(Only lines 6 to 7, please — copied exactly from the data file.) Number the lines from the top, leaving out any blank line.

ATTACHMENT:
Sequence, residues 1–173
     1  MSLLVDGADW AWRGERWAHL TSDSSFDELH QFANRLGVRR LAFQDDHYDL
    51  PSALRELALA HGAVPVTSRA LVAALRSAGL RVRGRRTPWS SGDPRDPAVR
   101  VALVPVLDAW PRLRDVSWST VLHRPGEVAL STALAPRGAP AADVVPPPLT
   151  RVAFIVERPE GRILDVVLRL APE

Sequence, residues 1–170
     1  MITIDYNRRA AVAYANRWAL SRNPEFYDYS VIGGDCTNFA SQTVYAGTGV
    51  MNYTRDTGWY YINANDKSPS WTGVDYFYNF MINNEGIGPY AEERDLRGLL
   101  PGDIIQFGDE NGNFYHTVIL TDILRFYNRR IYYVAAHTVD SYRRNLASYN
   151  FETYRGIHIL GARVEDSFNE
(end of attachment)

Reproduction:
Sequence, residues 1–170
     1  MITIDYNRRA AVAYANRWAL SRNPEFYDYS VIGGDCTNFA SQTVYAGTGV